With Mitch nowhere to be found, I abandoned the tent city on 19th and made my way down the street in search of a bite to eat. After being dissuaded from trying Carter & Cooley Co., I kept rambling down 19th and happened upon Crickets Cafe and Creamery. The menu looked good (breakfast all day), though it leaned a bit to the left with the mostly vegetarian choices. Seeing that they’re dog-friendly and since a dog was part of our posse for the afternoon, we decided that Crickets was a perfect choice. Seamus and his owner took refuge under the awning of the building as I ventured inside with the rest of my friends to order some food. The choice was difficult. An open-face Tomato and Mozzarella sandwich? Goat Cheese? Grilled cheese? Avocado lover’s delight? I eventually convinced myself that I was too hungry for just one dish and that it was too hot for soup. The house salad (lettuce, avocado, shaved carrots, green peppers and dried cranberries) seemed like the most refreshing choice and I paired it with the grilled cheese (American with diced tomatoes and mustard vinaigrette). Just two days earlier I was teasing a friend about asking for tomatoes in their grilled cheese sandwich at Paulie’s. Color me ignorant. It was a delicious addition to a classic. Do you know what the best part is? Indulging in the Italian classic, gelato, after you’re all said and done with lunch. Perfecto!

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You Make Me Wanna Walk Like a Camel
Having been shut out of tickets for the Black Joe Lewis concert at Walter’s on Friday, I decided that the only way to make up for that slight was treat myself to a different show on Saturday. Mike Stinson opening for Southern Culture on the Skids up at the Continental Club seemed like an obvious choice. I got word from my friend that he was headed to the show, so I discarded my empties at WAIH and made my way to the show after picking up some cash. Five bucks for parking and twenty for the show didn’t seem like a bad deal at all, especially when the music first hit the ears. Stinson and his band, with a couple of additions to the band (and possibly new members,) played their usual strong set. As they finished up their time on stage, our group made our way for the door.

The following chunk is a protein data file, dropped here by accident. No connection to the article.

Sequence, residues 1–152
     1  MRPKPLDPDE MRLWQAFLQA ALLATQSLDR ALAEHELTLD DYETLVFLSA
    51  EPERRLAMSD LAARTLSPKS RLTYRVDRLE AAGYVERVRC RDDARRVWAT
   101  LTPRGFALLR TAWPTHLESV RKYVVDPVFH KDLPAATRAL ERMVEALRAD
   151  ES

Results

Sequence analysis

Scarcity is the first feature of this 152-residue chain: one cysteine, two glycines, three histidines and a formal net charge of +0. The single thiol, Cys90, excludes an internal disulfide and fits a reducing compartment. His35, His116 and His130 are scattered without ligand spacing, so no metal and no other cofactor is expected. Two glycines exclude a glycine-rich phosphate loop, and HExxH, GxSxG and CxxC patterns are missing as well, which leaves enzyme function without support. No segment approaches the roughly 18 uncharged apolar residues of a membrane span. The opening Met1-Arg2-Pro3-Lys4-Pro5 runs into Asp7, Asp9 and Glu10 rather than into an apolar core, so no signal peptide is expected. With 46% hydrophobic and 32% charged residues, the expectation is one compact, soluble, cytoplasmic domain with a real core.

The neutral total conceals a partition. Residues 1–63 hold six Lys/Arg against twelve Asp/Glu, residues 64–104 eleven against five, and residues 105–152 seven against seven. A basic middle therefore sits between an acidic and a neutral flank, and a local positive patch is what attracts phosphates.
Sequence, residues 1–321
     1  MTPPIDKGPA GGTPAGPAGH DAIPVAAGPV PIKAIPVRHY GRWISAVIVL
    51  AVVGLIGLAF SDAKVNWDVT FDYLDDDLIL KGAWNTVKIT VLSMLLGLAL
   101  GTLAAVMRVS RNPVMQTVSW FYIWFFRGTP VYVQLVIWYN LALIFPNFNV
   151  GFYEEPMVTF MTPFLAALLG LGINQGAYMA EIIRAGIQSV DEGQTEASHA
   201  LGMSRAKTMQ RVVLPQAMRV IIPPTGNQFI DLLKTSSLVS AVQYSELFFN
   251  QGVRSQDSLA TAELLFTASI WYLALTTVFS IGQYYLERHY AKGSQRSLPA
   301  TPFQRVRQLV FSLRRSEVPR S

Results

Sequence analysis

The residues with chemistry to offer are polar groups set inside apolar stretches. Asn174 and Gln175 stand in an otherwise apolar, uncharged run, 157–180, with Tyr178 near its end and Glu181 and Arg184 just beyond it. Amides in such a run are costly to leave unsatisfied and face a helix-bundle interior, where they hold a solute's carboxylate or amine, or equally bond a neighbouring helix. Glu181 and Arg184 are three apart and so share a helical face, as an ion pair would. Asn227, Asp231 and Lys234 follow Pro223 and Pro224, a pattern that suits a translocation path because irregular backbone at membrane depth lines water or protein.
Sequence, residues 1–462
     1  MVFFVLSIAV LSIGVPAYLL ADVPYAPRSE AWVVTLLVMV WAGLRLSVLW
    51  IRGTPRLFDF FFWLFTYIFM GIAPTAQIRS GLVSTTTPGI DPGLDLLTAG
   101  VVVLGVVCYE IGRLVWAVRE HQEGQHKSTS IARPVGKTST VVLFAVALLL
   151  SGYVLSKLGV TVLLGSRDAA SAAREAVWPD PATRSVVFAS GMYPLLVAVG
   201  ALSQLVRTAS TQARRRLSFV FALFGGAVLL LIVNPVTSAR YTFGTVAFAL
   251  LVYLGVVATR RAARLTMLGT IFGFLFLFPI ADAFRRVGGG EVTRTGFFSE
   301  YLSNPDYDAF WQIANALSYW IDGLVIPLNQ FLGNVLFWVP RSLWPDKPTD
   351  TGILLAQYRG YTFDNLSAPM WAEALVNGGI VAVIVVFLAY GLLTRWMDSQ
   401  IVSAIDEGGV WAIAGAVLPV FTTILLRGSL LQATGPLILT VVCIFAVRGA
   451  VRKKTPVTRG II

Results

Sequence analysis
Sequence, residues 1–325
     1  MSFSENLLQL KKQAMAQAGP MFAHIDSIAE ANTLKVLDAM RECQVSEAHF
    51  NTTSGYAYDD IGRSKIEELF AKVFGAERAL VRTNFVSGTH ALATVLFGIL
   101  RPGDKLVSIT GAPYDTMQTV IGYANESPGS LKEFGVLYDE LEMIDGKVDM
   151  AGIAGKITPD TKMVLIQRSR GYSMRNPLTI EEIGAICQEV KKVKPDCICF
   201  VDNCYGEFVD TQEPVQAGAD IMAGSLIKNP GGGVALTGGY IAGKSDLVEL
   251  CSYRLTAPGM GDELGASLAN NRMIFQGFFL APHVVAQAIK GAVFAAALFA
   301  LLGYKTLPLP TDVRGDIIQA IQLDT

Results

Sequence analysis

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Stamps on our hands from the bouncer at the Continental Club ensured us reentry after we quelled our hunger. We made way for the answer to Where’s Pauldo (ep. 5), Tacos a Go Go. A barbacoa taco and a beef fajita taco were the perfect mid-drinking/mid-live-music snack. Add some killer queso to that order and you’re in for a huge treat.

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After finishing up, we made our way next door for the headliner of the night and walked into a venue that was four times as full as we left it. Southern Culture on the Skids always draws a robust and eclectic crowd, to say the least. My observant friend, and one-time writer, Sean says to me, “there’s going to be a bar fight tonight.” I cross my fingers and prepare myself for the onslaught of music. About halfway through the show, a commotion stirs behind us. We turn around and Sean gives me the “I told you so” look. A man, seventeen shades of drunk (and one shade of green), is desperately trying to escape the clutches of his girlfriend and leaning precariously in an attempt to bullrush another, not quite as drunk, bearded fellow. He almost breaks free from his girlfriends clutches, as drunks typically do, because alcohol has a way of making the body act like jello. All ends well and everything calms down without any punches thrown and we turn our attention back to the band, just in time to see fried chicken being tossed into the crowd from the stage. Oh, Southern Culture on the Skids, never change, ever.

— Paul